Tomorrow by Damian Dibbin is a spellbinding story of courage, of humanity across the ages and the unbreakable bond between two souls.
Tomorrow by Damian Dibbin is a spellbinding story of courage, of humanity across the ages and the unbreakable bond between two souls.
Elsinore Palace, Denmark, 1602
It began, this journey of many lifetimes, in an ordinary way: he and I went to pick oysters on the shore. He loved them more than any other food, the ritual of unlocking abrasive shells to discover a treasured interior, smooth alabaster and incorporeal liquor. And when he feasted on them, they had a transformative effect: his shoulders dropped, his brow unknotted and his eyes softened, sometimes to tears.
‘We shall have luck this afternoon,’ he said, pulling on his boots. ‘The tide is low. So low, we could almost walk to Sweden.’ He took down his cloak, shook it out and tied it at the neck, throwing the weight over his shoulders. ‘And I have a sense –’ He unbolted the front door and barged it open. ‘Yes, there is still a good light.’ When he realized I was not following, he stopped and turned, head tilted to one side, a questioning silhouette in the doorway. ‘Where are you, my champion?’ Even now the memory of his voice – as deep and gentle as a forest ravine – makes my heart split like a husk.
I hung back in the shadows, half hidden behind the baluster legs of the great hall table. It’s easy to believe – now half a continent and centuries away – I had a presentiment of dread, a doomy foreknowledge of what we’d discover on the silt flats below, but I had none. Neither did insolence nor stubbornness keep me there; I had yet to learn those traits. No, my reasons were less remarkable. We’d already been roaming that morning and soon evening would be drawing in. It was the time to build a fire in our oak-panelled parlour, or in the palace library, for me to sit beside it and feel the warmth against my fur, as he pored over the inscriptions in books, chatting along all the while.
He discovered me in the gloom, and the corners of his eyes creased with a smile. ‘What a fuss is here?’ He came to my side, knelt and ruffled my neck, making me tremble with shame. ‘Where will life lead us if we hide behind tables? The world out there is where we will find answers. And joy. And oysters, my champion.’ He laughed, turned on his heels, and this time I went with him.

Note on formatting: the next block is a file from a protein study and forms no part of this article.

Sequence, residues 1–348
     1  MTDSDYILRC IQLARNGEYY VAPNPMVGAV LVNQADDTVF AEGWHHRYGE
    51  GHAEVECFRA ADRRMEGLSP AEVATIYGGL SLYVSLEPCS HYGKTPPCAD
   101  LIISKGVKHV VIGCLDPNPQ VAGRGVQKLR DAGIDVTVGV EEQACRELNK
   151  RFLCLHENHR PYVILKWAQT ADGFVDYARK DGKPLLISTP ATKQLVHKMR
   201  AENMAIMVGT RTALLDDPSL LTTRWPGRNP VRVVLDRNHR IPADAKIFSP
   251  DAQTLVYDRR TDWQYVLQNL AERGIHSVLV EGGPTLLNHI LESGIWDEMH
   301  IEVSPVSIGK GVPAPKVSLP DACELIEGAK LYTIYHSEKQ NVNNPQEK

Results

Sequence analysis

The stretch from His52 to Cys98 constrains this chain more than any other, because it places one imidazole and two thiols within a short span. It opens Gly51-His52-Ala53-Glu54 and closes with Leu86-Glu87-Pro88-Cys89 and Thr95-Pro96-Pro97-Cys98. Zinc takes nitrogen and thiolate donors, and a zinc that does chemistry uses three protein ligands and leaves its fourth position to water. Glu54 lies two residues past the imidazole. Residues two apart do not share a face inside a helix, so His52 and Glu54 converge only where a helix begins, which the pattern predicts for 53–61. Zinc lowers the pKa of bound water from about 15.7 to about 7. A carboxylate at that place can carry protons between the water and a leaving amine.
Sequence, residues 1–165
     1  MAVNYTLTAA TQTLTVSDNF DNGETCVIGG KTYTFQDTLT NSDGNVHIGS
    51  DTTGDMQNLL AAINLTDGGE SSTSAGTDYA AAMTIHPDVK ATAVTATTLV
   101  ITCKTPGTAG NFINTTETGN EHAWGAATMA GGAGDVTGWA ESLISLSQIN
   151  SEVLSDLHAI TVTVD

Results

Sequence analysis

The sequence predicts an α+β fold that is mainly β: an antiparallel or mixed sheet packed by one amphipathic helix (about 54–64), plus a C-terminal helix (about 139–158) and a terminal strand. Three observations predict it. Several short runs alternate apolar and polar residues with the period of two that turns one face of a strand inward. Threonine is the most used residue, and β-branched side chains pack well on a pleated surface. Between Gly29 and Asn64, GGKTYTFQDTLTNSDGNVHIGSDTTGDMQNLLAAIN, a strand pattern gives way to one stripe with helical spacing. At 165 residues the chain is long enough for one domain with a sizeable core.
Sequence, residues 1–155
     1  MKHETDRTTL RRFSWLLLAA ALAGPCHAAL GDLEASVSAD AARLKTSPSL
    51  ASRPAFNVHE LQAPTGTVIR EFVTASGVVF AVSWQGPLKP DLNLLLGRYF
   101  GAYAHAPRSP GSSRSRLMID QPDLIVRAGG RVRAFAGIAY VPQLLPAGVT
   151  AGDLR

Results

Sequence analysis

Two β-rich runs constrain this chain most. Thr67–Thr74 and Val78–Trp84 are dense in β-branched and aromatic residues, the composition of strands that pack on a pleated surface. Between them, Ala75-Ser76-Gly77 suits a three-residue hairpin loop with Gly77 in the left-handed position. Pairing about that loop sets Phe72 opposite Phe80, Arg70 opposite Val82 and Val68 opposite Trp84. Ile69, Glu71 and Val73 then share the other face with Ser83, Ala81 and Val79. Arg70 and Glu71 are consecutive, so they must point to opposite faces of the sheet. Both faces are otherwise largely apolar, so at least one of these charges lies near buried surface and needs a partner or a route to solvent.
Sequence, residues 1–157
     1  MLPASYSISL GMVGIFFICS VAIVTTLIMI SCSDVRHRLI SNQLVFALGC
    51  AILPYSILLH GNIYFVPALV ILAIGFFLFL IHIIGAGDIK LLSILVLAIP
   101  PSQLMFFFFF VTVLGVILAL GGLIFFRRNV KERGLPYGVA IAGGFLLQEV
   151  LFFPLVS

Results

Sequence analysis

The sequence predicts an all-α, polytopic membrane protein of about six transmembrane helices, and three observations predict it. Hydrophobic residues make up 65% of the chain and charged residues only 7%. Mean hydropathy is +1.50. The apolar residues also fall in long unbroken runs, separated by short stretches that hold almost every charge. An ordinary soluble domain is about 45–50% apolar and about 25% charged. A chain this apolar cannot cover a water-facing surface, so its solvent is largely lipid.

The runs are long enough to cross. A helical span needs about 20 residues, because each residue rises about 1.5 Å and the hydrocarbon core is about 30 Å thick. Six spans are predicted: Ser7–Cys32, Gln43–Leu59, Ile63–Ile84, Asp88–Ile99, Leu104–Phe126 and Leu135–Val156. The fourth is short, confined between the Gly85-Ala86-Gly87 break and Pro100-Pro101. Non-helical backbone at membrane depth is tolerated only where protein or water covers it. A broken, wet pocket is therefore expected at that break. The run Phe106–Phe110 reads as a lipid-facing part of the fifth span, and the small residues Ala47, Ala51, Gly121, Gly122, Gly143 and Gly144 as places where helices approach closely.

Once outside I revived. A warm wind carried with it scents from inland, sweet pine, woodsia and wild thyme, and I realized, after all, it was far from darkening time: a benign rose-pink sun had only half descended. I stared for a moment, back straight, ears proud, surveying the coast from the castle walls to the open sea. In that time I knew no other place but the little town of Elsinore and its castle. I had no sense I was, in fact, destined to be a wanderer, perpetually travelling from one palace to another, and then from battlefield to battlefield. But that afternoon I remember being thankful for my lot: my home, my companion, my happy life.
He sensed the change in my mood and laughed again. ‘So you’ve come back to me have you, my virtuoso, who has nothing but sensibility?’ He picked up a bucket, swilled out the rainwater and we went side by side down the stone staircase to the shore. ‘Look, my champion, the ocean has all but deserted us! How kind it is to relinquish its spoils.’ Ahead was an endless plane of silver wet sand disappearing towards a dreamy mystery of horizon.
In no time he found a cluster of shells, crouched down, took a knife from his pocket and prized one apart from the rest. He tested its weight, examined it from all sides, his face folding this way and that. ‘Perhaps too timid for us? Or we too rough for it.’ He held it out for me. I didn’t care for oysters then, any more than I do today – their saline stench has always stuck in my nostrils – but out of courtesy I passed my snout around its form, making him chuckle again. ‘I agree wholeheartedly. A slip of a thing it is. We’ll return it to its family and wish it good luck. Onwards. Let us search for the bolder, brinier ones, the ones I truly love.’
We ventured further from the shore. The sand became stonier, colder and wetter underfoot, like unset cement. And the weather altered too; a chillier breeze crept in from the north. It seemed to wash away the colour from the sun, and from the sky too, turning it as hoary as the silt flats, making everything dimensionless. It was as if we were in one of those opera sets I would see later in my life – dramatic shrinking perspectives, alternate worlds in a box – two characters wandering a boundless landscape.
By the time my master had discovered the larger oysters, started cutting them from their beds and putting them into his bucket, my mood had turned again. I looked back at the palace. It had a grim, inert air. Except for our quarters close to the kitchens, the windows were all dark. Most of the royal party had gone for the winter. Although my master had kept me largely apart from them when they were here, as I was still puppyish on my feet, I had nonetheless relished the sense of a pageant unfolding in the main part of the building, of cooking, children playing, a thrill of stewards and chamberlains, lutes and harpsichords and peals of laughter. Now, other than the old queen – whom my master had stayed to attend to, incase she grew sick – only the dourest of staff remained: unsociable guards, washerwomen forever veiled behind wind- flapped cloths, and night-wardens with heavy sets of keys. I turned back to my master, hoping he would have finished by now, but found him standing bolt upright, arms out, with the bucket dropped on its side.